Bill of Rights
Government Games & Activities for Kids
The first 10 amendments to the U.S. Constitution make up the Bill of Rights.
The United States Constitution is the longest surviving written charter of governance in the United States. It was written in 1787, approved in 1788 and operations in 1789. The first three words 'We the people" are some of the most famous affirmations that the government of the United States exists to serve the citizens.
The Articles of Confederation, formally named the Articles of Confederation and Perpetual Union, was an agreement among all 13 original states in the United States of America that served as its first constitution. The Articles of Confederation were ratified in 1781. The colonies resented the laws of the British Parliament so they set up a central government of their own. The only branch of government was a Congress with one house. Congress had power over military and foreign affairs but not over the affairs of each individual state. They could not enforce its powers or collect taxes. The articles were too weak to create a functioning central government so in 1787 the Constitutional Convention met in Philadelphia with Ben Franklin and George Washington present and a new document went into effect called the Constitution. The Constitution of the United States was ratified June 21, 1788.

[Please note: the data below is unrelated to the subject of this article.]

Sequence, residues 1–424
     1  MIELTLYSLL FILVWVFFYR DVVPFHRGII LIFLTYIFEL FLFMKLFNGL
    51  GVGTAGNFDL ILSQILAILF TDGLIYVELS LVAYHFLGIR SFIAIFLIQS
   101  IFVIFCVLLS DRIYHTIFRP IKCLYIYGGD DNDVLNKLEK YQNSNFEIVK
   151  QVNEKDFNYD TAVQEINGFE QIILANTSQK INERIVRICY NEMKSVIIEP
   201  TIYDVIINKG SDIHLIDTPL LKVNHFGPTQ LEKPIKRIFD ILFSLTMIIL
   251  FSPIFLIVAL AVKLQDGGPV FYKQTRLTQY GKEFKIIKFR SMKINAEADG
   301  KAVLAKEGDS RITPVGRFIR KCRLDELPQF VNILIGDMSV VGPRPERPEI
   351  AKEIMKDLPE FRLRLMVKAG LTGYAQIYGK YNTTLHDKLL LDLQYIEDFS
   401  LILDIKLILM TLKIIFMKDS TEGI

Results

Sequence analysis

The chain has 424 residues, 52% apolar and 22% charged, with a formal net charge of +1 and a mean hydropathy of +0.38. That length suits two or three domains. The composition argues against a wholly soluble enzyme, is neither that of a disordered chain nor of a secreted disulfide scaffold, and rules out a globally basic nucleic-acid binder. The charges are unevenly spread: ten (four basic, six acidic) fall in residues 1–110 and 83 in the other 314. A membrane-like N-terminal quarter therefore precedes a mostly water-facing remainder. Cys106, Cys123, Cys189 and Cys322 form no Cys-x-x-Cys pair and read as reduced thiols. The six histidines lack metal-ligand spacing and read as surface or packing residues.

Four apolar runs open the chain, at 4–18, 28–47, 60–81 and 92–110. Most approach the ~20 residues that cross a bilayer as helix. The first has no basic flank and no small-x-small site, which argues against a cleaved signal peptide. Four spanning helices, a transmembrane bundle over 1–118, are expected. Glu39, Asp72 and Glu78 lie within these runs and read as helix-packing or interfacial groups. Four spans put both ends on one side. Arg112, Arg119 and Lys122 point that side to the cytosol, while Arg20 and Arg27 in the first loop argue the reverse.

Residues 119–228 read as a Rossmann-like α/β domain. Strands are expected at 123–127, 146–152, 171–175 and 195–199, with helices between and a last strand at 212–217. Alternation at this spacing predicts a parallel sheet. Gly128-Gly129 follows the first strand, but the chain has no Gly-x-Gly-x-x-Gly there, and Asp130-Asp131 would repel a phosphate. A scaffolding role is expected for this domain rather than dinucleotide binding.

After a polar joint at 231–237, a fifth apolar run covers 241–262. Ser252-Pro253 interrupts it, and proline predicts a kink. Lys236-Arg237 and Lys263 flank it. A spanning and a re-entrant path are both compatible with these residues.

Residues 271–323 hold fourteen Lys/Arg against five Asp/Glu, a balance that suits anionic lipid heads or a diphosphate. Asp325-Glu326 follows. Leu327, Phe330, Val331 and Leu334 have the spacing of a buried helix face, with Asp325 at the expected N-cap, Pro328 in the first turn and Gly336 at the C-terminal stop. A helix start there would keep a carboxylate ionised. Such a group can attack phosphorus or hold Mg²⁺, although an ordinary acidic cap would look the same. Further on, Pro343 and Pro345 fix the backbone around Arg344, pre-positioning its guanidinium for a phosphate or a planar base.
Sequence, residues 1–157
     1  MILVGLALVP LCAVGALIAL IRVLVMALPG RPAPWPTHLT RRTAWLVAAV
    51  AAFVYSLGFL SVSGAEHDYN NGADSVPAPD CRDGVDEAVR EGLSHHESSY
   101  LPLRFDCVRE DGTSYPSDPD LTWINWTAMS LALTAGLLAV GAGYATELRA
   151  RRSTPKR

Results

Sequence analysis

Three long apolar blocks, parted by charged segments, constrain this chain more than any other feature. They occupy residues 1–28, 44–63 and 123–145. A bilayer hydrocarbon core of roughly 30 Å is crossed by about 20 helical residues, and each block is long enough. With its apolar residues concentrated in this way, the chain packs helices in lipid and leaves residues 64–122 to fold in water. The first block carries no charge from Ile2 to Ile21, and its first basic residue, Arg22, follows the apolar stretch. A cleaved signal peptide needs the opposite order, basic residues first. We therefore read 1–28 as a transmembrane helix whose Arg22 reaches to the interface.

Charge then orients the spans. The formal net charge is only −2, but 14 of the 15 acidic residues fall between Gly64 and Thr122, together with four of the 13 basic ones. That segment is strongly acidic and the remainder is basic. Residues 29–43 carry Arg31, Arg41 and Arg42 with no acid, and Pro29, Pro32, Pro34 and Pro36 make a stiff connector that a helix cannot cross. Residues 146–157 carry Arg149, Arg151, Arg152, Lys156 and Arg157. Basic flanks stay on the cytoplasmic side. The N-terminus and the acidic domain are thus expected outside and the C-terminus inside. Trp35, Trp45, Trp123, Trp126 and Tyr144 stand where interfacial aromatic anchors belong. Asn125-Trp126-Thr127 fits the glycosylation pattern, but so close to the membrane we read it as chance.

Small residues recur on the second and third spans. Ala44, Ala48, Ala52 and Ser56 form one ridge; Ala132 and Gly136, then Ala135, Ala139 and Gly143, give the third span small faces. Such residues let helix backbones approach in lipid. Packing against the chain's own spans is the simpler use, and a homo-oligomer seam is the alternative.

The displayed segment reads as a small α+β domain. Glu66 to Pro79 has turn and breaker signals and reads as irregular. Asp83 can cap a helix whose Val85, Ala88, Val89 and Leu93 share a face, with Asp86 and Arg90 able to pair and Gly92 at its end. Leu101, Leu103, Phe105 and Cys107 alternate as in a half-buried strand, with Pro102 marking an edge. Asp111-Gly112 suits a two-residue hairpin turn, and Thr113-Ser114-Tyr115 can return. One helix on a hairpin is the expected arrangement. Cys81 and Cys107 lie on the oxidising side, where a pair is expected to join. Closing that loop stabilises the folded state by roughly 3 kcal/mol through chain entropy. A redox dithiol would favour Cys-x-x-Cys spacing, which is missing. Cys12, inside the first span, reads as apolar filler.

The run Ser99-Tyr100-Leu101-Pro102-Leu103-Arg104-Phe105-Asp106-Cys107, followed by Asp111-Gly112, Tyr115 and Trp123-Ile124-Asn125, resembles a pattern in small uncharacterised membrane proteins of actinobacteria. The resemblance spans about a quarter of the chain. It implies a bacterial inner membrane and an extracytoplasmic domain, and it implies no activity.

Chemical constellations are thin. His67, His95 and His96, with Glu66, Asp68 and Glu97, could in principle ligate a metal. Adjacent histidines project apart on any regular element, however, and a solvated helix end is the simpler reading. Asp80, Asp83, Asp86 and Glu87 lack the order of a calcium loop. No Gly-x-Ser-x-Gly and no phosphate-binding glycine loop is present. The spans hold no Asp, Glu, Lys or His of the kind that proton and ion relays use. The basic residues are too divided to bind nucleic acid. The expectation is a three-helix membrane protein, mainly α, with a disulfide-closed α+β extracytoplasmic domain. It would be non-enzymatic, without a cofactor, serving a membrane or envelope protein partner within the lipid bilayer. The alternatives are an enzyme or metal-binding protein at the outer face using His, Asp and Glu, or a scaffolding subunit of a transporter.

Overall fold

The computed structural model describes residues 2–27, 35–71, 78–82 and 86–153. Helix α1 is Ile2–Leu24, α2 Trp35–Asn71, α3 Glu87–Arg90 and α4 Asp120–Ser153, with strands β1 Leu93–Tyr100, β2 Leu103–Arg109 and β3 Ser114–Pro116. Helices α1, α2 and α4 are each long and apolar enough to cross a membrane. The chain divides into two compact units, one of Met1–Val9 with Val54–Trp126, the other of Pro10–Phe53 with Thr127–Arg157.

The Declaration of Independence is an important document in the history of the United States and was ratified July 4, 1776. It is a completely different document than the U.S. Constitution but people often use them interchangeably. The Declaration of Independence says that America is no longer under British rule and the 13 colonies come together to become a union of new and free and independent states.